families in Evanston and neighboring areas through online outreach and person-to-person contact,” Hernandez said. In August, she helped organize an event celebrating Mexican culture at Evanston’s Levy Senior Center, 300 Dodge Ave. About 500 people attended, including Mayor Elizabeth Tisdahl.
Two TV comedy stars to speak at NU this month
Both Fiedler Hillel and A&O Productions will bring TV funnymen to speak in April at Northwestern. A&O’s annual spring speaker event will feature Nick Swardson of “Reno 911!” fame 8 p.m. April 20 at PickStaiger Concert Hall. Hillel will host Josh Radnor, the leading star of “How I Met Your Mother,” on 8 p.m. April 25 at the Technological Institute. Swardson started in stand-up comedy before performing in the Comedy Central hit series. Doors will open for the event at 7 p.m. “He really ... has arms in a lot of different areas of show business,” said Communication senior Eliza Helm, A&O’s director of speakers. “He writes, and he produces, and he also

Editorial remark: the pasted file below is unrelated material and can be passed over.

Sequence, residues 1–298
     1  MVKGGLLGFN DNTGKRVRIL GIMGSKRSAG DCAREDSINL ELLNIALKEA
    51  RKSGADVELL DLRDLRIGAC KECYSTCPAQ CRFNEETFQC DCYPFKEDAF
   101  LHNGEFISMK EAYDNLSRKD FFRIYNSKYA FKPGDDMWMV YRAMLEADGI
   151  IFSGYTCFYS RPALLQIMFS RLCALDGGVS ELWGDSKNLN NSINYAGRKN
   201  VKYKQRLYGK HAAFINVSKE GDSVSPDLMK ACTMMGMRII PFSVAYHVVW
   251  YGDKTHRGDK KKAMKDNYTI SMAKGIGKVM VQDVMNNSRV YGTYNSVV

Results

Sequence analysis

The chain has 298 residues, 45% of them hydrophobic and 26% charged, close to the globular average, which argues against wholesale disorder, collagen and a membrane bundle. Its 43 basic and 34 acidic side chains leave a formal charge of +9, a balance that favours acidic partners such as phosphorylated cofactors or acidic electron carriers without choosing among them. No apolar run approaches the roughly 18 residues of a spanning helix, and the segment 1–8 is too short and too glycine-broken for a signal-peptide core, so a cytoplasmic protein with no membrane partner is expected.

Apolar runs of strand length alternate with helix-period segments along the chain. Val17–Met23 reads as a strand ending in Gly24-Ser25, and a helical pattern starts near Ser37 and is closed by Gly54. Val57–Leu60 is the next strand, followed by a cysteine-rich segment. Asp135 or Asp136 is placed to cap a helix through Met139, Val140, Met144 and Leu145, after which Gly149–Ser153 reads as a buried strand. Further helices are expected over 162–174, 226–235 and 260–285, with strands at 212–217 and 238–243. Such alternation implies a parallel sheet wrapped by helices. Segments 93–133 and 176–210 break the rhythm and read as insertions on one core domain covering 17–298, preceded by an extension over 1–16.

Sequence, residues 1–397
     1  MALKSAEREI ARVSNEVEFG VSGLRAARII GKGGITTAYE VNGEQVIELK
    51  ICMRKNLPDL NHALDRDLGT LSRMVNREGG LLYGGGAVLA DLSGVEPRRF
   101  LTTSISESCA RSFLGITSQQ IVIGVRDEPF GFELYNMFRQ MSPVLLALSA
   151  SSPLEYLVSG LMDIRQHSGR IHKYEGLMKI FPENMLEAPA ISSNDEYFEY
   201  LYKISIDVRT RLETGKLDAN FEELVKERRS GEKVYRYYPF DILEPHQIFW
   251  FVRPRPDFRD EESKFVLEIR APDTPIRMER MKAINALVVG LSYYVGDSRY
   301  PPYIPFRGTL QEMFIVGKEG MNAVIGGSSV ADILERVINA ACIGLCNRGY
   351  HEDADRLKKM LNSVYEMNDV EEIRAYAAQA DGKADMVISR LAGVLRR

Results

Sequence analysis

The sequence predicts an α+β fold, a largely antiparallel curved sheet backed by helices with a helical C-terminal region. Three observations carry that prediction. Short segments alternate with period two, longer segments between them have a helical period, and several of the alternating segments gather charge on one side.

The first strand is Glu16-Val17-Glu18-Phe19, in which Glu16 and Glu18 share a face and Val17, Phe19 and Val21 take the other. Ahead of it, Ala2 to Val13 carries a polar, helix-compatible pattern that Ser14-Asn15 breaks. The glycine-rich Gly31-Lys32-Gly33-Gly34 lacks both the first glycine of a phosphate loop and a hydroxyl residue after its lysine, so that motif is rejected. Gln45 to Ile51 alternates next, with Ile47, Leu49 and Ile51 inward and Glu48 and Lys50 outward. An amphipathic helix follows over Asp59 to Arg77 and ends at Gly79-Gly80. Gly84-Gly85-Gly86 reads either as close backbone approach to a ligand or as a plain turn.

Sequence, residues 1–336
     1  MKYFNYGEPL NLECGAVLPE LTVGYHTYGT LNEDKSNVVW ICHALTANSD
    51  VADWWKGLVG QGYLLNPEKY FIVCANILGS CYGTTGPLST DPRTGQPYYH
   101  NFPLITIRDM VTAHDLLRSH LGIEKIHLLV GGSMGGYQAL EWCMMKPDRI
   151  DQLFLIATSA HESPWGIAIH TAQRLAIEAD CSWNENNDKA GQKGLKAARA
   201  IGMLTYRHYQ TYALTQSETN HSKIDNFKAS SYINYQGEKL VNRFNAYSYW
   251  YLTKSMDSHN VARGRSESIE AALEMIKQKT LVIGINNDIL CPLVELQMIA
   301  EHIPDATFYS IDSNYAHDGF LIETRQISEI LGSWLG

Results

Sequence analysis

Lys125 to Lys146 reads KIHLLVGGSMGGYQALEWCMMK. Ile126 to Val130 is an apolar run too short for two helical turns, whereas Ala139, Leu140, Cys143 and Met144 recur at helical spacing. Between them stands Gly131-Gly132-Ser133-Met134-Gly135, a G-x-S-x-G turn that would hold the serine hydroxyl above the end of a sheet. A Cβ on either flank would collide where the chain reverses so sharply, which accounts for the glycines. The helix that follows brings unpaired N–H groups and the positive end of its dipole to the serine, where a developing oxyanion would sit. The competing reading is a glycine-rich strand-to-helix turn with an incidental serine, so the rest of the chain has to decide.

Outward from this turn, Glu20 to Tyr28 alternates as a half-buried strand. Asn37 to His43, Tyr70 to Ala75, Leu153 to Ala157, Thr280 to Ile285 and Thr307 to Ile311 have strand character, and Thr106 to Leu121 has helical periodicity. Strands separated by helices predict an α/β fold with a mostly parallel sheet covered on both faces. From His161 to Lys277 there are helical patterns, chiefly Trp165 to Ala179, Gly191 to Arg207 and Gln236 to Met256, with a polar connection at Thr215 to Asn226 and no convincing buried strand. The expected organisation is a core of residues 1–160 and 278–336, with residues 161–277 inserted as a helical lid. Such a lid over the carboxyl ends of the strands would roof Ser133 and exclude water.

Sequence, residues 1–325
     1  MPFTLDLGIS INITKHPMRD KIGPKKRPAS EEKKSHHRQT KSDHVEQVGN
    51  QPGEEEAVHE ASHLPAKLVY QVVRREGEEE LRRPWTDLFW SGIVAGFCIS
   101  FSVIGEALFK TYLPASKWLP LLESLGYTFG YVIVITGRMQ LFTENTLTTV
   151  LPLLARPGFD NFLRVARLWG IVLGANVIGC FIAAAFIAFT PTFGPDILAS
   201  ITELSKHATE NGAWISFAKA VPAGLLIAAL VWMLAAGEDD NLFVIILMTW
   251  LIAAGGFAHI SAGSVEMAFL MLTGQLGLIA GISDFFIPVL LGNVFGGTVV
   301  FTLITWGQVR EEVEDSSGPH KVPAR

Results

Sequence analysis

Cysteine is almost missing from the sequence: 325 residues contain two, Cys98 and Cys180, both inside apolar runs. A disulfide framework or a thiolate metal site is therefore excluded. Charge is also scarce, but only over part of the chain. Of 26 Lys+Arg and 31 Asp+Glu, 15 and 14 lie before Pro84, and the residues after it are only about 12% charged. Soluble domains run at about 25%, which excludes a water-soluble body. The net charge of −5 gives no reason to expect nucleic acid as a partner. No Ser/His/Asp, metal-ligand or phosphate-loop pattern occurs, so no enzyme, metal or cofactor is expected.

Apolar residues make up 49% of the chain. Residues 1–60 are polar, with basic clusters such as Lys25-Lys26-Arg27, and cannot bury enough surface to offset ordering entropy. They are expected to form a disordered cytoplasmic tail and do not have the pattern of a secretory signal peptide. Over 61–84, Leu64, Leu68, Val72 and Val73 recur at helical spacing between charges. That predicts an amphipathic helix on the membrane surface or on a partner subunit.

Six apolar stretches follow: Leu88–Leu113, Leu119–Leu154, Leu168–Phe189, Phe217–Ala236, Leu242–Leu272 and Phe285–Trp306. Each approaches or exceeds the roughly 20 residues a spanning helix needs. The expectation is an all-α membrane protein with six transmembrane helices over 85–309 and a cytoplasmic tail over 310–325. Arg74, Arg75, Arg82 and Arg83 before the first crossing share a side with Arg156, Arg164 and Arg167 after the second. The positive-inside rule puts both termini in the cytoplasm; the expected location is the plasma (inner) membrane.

“In Evanston we talk about celebrating our diversity, and this is a marvelous example,” Tisdahl said in a speech at the event. Hernandez also coordinated a visit last month from the Mexican consulate at the Lorraine H. Morton Civic Center. » See LATINO, page 7 acts. We really just wanted to bring a strong, strong comedian.” In 2003, Swardson co-wrote “Malibu’s Most Wanted” and landed a role in “Reno 911!” He has appeared in “The Benchwarmers,” “Blades of Glory” and the cult classic “Grandma’s Boy.” Radnor stars as Ted Mosby on the CBS hit series. Weinberg junior Andy Rodheim, Hillel treasurer said every year, the organization brings a prominent Jewish celebrity to campus. “Josh really fit the type of person we were looking for,” said Weinberg junior Andy Rodheim, Hillel treasurer. “We’re very excited.” Tickets for both events can be purchased on the Norris Box Office website. Tickets for Radnor are on sale now, $5 for students and $7 for graduate students. Tickets for Swardson will be $10 and go live Monday. — Cat Zakrzewski